Materials and Methods
Design and construction of genetic circuits
The CMV-siRE circuit was generated by inserting an EGFR siRNA sequence (5′-TGTGGCTTCTCTTAACTCCT-3′) into a 166-bp pre-miR-155 backbone (5′-GGATCCTGGAGGCTTGCTGAAGGCTGTATGCTGAATTCTGTGGCTTCTCTTAACTCCTGTTTTGGCCACTGACTGACAGGAGTTAAGAAGCCACAACCGGTCAGGACACAAGGCCTGTTACTAGCACTCACATGGAACAAATGGCCCAGATCTGGCCGCACTCGAG-3′). The CMV-siRK circuit was generated by inserting a KRAS siRNA sequence (5′-GCAAATACACAAAGAAAGCCC-3′) using the same approach. The CMV-RVG-siRE+T and CMV-Flag-siRE+T circuits that coexpress EGFR and TNC siRNAs along with a guidance tag (RVG or Flag) were generated by the fusion of RVG or Flag tags to the extra-exosomal N-terminus of Lamp2b.14 The fused tag-Lamp2b and two tandem pre-miR-155 backbones carrying the EGFR siRNA sequence (5′-TGTGGCTTCTCTTAACTCCT-3′) and the TNC siRNA sequence (5′-CACACAAGCCATCTACACATG-3′) were then cloned downstream of the CMV promoter, resulting in the generation of a circuit that simultaneously encodes EGFR and TNC siRNAs and the tag-Lamp2b fusion protein. The CMV-RVG-siRP circuit that coexpresses a PTP1B siRNA along with a guiding RVG tag was generated by inserting the PTP1B siRNA sequence (5′-CTAACTTCAGTGTCTGGACTC-3′) using the same approach. A circuit designed to express a scrambled RNA was used as the negative control.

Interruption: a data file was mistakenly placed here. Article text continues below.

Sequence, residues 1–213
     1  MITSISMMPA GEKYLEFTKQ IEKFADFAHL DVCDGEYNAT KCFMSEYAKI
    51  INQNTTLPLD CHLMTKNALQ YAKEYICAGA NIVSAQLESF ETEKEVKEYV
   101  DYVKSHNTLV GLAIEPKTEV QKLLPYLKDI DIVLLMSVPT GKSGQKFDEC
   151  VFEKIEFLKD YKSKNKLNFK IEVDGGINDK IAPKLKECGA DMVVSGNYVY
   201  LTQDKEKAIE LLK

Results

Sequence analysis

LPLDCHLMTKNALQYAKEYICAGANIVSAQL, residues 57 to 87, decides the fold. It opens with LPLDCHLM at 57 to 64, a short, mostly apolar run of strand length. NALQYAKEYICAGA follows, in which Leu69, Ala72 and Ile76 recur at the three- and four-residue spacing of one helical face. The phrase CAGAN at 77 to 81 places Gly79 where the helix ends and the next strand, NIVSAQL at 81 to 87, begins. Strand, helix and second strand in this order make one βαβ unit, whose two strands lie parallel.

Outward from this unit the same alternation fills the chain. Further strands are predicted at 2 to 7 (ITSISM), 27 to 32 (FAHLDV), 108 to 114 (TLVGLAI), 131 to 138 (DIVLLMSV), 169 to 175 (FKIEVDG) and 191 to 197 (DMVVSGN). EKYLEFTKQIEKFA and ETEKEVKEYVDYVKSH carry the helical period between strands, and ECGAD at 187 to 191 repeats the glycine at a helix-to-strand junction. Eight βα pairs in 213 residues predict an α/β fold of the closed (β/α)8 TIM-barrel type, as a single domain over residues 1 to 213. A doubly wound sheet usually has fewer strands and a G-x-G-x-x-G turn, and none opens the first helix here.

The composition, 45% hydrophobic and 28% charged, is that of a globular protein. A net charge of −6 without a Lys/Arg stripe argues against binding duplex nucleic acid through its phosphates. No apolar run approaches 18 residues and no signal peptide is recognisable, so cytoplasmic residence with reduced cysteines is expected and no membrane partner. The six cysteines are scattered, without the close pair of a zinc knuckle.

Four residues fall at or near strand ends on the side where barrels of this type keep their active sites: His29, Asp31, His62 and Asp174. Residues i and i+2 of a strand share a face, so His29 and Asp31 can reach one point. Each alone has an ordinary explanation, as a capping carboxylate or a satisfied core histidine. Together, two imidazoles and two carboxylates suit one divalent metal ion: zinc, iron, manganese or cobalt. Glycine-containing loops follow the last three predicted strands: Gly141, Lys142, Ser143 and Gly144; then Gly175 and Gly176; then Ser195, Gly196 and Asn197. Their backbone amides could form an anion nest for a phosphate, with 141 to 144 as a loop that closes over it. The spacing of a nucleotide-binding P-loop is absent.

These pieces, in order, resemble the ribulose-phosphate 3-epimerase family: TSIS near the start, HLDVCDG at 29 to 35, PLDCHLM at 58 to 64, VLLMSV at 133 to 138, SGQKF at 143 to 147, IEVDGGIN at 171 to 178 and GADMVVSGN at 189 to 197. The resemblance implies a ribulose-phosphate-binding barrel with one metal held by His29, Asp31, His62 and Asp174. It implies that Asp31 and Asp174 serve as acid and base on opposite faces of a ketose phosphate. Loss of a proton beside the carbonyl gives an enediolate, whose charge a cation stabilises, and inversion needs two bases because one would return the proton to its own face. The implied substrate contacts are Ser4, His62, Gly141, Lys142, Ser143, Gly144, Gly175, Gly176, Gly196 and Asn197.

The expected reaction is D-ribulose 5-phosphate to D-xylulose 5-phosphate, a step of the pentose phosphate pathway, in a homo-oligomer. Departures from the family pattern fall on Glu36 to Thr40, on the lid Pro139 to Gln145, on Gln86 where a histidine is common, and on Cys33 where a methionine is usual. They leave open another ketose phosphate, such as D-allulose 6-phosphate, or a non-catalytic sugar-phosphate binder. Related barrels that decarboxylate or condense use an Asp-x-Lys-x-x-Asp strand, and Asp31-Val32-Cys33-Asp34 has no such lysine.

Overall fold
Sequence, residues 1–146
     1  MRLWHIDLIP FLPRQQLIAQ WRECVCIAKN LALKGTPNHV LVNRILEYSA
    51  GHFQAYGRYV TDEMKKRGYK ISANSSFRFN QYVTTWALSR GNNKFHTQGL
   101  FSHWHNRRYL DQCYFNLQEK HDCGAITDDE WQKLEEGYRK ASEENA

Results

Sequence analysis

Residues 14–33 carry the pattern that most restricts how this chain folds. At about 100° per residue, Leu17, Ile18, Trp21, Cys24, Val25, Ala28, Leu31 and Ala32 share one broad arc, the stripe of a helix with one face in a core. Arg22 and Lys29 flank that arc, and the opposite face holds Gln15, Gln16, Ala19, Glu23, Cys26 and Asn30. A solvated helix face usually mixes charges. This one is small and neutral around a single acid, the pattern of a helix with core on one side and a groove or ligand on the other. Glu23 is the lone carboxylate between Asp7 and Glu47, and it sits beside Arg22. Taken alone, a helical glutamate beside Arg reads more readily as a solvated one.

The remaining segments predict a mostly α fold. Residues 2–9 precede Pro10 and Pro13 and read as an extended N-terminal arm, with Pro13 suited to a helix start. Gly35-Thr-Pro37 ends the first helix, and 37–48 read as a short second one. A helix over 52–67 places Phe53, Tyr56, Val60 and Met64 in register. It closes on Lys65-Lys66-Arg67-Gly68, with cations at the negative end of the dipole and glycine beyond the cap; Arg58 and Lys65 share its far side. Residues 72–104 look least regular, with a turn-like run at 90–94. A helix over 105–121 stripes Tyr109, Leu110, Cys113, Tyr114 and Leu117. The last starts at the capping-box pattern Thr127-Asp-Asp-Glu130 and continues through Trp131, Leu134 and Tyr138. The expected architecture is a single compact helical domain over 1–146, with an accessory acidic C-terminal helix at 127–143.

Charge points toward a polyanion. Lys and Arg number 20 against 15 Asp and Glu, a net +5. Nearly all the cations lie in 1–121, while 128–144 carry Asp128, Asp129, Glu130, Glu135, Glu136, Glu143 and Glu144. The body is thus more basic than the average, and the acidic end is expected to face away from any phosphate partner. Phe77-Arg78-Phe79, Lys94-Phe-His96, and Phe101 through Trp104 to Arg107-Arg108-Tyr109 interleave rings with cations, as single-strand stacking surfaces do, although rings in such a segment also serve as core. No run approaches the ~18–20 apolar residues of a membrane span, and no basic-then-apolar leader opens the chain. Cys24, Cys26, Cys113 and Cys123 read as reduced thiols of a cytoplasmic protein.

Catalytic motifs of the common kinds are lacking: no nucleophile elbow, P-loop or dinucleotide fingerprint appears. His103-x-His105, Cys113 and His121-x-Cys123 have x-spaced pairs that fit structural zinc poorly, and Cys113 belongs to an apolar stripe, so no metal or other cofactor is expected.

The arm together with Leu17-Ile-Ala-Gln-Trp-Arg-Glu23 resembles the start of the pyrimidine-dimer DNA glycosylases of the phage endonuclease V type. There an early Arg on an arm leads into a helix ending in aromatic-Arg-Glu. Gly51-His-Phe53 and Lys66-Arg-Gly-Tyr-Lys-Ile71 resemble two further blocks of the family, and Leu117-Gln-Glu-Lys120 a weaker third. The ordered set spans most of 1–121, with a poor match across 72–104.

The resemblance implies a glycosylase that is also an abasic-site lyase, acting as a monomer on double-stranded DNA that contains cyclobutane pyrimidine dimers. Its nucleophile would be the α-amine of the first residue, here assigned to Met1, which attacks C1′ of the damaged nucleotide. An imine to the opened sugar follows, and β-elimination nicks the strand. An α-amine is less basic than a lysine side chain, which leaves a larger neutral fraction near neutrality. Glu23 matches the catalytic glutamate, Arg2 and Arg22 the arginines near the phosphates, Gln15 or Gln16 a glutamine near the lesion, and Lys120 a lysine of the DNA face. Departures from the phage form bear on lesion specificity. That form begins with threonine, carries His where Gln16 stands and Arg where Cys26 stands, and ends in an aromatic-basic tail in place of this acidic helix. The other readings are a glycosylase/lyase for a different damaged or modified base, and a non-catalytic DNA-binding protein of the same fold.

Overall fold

Genetic circuits were present in the form of DNA plasmids and were dissolved in PBS without additional formulations. For in vitro cell transfection, genetic circuits (plasmids) were transfected into cultured cells using the Lipofectamine 2000 reagent (Invitrogen, 11668019, MA, USA) according to the manufacturer’s instructions. For in vivo animal experiments, genetic circuits (plasmids) were formed as naked DNA plasmids and administered into mice through regular tail vein injection (200 μL of solution was injected in 3 s) rather than hydrodynamic injection (~1.6 mL of solution was injected in 5 s).
The plasmids used to express genetic circuits were synthesized and constructed by Realgene Biotech Company (Nanjing, China). Maps and scaffolds of the plasmids are shown in Supplementary information, Fig. S33. The plasmids were transformed into E.coli DH5α competent cells (Tsingke, TSC01, Beijing, China), cultured with LB medium (with 50 µg/mL spectinomycin) for 14 h in a 37 °C shaking incubator and extracted and purified with EndoFree Maxi Plasmid Kit V2 (Tiangen, DP120, Beijing, China) according to the manufacturer’s instructions. The purified plasmids were sequenced to ensure that the sequences of inserted genetic circuits were correct.
The mouse lung cancer cell line LLC, human glioblastoma cell line U87MG and human embryonic kidney cell line HEK293T were purchased from the Shanghai Institute of Cell Biology, Chinese Academy of Sciences (Shanghai, China). Cells were cultured in high-glucose (4.5 g/L) DMEM (Gibco, 10564011, MA, USA) supplemented with 10% foetal bovine serum (FBS, Gibco, 10099141C, MA, USA), penicillin and streptomycin in a 5% CO2, water-saturated atmosphere.